There are several web sites that contain information about mental health. Below is a partial list of Internet mental health resources.
If you do not have access to the Internet from a computer, then dial 2-1-1 for information about mental health resources available in your community.
The National Mental Health Association
A nonprofit organization that offers visitors information about mental health.
For information, please visit http://www.nmha.org/
The National Institute of Mental Health
A governmental web site that offers visitors information about various mental disorders and illnesses. For more information, please visit http://www.nimh.nih.gov/
National Mental Health Information Center
A service of the Substance Abuse and Mental Health Services Administration. Offers information about helplines, publications, events and a searchable database of U.S. Mental Health resources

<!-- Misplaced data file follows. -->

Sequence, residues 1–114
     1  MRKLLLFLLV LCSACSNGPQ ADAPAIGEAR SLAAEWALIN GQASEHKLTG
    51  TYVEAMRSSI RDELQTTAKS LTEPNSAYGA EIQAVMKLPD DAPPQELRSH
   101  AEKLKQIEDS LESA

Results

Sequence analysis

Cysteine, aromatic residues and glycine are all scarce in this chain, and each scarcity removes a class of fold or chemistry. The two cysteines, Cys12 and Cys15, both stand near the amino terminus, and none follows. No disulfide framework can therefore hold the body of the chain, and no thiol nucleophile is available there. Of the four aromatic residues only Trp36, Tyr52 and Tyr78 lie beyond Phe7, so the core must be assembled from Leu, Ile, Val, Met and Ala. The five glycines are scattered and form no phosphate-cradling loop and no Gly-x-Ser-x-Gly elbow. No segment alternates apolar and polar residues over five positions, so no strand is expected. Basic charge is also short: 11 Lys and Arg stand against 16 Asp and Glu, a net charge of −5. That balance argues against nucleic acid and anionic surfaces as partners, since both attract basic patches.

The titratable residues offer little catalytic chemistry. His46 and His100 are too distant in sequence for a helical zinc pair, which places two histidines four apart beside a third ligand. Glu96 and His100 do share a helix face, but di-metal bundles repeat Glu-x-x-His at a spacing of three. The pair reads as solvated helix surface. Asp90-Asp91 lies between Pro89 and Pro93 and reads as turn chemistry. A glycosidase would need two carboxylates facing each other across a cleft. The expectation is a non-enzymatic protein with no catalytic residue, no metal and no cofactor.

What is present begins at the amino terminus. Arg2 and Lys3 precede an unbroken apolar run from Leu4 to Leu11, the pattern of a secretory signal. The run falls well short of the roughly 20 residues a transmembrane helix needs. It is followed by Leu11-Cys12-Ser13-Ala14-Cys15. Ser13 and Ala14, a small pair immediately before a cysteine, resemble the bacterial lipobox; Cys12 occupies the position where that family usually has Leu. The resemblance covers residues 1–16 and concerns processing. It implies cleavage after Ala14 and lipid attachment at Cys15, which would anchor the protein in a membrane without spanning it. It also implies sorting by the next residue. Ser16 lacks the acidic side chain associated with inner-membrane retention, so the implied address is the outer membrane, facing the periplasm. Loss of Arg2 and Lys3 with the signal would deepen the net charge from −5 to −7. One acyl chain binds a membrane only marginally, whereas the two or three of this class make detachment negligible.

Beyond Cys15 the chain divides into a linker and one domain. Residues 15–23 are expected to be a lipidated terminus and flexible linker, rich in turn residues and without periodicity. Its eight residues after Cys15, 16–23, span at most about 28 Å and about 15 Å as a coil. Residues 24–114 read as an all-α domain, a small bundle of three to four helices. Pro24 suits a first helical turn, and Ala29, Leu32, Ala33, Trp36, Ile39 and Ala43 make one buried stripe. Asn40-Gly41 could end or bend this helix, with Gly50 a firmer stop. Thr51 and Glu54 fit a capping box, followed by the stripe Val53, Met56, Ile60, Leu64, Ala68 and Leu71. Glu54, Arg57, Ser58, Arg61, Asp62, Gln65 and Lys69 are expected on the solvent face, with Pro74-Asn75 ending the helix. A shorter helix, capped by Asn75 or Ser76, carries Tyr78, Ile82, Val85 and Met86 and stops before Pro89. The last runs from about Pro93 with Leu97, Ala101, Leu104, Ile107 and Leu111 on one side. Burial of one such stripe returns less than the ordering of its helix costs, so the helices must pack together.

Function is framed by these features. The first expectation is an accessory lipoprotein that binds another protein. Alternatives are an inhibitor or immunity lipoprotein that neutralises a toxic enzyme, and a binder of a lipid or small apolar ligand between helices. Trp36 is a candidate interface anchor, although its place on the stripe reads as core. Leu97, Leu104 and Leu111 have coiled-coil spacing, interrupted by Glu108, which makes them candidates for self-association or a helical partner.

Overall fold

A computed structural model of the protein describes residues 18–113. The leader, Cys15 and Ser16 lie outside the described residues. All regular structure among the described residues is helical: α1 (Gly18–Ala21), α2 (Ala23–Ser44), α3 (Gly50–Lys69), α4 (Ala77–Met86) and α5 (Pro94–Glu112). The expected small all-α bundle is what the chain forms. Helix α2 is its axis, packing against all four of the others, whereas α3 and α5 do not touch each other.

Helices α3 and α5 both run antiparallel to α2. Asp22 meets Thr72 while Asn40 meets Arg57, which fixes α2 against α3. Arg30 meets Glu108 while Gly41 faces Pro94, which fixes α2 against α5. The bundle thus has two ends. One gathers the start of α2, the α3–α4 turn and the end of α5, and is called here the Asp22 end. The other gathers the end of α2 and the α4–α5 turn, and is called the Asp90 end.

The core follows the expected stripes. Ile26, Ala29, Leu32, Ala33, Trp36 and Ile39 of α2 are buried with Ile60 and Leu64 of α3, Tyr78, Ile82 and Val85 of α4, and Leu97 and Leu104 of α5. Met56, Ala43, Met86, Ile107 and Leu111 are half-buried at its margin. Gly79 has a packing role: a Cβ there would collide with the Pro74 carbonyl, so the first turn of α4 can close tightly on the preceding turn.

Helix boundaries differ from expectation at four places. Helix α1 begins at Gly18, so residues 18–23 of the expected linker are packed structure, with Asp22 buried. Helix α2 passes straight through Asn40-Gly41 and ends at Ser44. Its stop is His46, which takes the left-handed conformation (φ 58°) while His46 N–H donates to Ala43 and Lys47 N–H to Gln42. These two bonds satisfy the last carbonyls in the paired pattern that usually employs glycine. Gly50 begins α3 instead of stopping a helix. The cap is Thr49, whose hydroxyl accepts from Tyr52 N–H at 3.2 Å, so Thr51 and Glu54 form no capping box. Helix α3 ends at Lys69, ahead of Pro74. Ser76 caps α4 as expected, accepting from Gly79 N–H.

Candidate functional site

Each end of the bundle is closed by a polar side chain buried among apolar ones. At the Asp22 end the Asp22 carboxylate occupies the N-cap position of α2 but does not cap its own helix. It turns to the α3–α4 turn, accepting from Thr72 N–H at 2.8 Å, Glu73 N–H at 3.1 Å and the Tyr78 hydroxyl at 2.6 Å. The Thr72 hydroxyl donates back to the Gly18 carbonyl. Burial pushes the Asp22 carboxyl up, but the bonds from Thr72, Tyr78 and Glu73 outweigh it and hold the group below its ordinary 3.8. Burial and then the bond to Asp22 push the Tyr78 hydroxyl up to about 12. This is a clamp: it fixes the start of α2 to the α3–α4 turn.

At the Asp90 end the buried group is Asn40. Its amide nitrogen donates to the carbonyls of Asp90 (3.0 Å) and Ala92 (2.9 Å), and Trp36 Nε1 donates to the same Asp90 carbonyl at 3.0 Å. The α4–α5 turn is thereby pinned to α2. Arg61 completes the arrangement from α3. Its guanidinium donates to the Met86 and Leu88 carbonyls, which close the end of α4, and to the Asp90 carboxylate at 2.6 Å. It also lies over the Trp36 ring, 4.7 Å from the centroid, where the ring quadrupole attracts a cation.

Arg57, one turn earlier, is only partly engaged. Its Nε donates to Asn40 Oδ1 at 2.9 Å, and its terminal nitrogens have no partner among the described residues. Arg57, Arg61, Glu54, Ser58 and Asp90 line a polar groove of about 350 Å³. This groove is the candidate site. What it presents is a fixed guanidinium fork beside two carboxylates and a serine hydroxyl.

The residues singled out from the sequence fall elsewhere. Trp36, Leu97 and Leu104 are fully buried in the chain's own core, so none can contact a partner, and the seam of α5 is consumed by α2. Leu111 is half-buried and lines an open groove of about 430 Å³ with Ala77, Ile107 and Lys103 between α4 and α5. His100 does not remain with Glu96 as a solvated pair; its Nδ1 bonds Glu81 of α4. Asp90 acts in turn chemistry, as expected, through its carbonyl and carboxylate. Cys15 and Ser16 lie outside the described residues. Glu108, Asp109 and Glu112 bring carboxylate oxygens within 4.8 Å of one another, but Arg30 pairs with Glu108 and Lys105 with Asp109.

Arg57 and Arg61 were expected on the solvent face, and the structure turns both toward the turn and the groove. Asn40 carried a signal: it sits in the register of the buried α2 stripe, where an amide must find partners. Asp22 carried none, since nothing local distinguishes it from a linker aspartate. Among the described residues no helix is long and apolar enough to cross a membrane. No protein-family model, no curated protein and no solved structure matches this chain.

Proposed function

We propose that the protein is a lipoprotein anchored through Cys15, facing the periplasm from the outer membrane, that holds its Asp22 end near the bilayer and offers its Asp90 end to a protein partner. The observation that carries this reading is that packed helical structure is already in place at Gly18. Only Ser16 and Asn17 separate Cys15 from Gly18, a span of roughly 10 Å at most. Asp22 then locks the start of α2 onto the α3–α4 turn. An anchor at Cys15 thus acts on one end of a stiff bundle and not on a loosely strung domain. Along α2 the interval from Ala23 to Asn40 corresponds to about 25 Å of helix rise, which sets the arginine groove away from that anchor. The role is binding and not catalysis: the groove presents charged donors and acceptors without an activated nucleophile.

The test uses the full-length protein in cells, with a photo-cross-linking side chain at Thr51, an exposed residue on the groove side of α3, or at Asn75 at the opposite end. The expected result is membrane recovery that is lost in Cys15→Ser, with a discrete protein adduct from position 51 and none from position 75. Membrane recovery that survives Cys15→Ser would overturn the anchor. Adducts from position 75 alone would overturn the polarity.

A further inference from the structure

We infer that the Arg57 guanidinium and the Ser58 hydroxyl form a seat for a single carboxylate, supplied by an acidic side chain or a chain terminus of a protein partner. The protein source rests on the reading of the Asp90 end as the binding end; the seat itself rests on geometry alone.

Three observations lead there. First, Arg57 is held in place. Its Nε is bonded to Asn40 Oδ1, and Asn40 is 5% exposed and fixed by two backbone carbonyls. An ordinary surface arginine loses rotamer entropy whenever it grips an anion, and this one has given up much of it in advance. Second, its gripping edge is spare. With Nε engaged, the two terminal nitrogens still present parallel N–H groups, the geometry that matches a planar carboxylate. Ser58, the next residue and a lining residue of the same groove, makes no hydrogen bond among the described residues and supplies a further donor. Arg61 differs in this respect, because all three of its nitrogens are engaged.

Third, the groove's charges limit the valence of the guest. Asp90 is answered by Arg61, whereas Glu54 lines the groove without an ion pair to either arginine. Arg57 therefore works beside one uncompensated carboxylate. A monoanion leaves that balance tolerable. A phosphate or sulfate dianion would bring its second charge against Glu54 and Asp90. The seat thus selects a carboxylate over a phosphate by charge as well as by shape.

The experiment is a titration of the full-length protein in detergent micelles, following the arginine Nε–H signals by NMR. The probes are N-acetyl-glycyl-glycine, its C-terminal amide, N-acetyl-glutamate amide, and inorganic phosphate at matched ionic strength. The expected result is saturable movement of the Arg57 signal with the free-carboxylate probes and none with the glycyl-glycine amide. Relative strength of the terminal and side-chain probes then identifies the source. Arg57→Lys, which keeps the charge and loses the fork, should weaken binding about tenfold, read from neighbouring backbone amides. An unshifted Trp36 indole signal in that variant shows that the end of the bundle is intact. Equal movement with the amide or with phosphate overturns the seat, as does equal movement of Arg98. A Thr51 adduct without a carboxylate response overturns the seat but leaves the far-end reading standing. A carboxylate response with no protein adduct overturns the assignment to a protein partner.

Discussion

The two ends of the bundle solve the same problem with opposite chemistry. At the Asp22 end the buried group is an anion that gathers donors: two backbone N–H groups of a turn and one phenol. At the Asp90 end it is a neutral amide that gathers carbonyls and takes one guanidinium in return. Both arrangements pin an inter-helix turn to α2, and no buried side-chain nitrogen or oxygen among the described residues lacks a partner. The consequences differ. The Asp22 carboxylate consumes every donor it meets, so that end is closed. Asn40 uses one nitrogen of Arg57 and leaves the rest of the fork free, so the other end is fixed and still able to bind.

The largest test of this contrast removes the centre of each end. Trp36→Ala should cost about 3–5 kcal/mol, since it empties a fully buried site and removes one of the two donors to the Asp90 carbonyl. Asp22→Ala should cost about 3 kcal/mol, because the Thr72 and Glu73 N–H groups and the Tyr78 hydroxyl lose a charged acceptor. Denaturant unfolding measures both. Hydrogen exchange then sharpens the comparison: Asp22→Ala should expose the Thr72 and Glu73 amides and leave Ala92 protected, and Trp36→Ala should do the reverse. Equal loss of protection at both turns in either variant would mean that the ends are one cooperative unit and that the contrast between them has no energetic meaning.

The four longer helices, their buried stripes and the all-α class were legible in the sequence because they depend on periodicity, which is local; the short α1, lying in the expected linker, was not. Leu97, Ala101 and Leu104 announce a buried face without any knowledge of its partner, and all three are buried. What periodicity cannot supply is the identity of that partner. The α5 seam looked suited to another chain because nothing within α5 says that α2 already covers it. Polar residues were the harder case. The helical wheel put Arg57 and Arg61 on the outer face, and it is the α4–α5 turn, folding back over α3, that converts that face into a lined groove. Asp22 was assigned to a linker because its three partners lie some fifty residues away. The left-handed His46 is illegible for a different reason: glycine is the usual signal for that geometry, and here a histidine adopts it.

Florida Council on Compulsive Gambling
The impacts of a gambling problem affect individuals, families and communities, with costs extending from creditors to the criminal justice system. Most people who gamble can do so safely, and without difficulty. However, gambling is not a risk-free activity. When gambling in excess, the onset of an addiction can result in serious to severe short and long-term difficulties. In addition to affecting an individual’s home life, financial status, career, education, social relationships, and physical or emotional health, gambling problems also impact those closest to the gambler. Moreover, businesses, local communities, the criminal justice system, social service organizations, and society as a whole are also significantly affected by problem and compulsive gambling. Thankfully, help is available and gambling addiction can be treated if recognized. If you need assistance, contact our 24 hour, confidential Helpline 888-ADMIT-IT (888-236-4848) for resources and support.
The Fuqua Center for Late-Life Depression at Wesley Woods Center on Aging and Emory University of Atlanta
A center that specializes in depression affecting older adults. This web site offers visitors information about depression. For information, please visit:
If you or someone you know is in crisis,
please call 1-800-273-TALK (8255)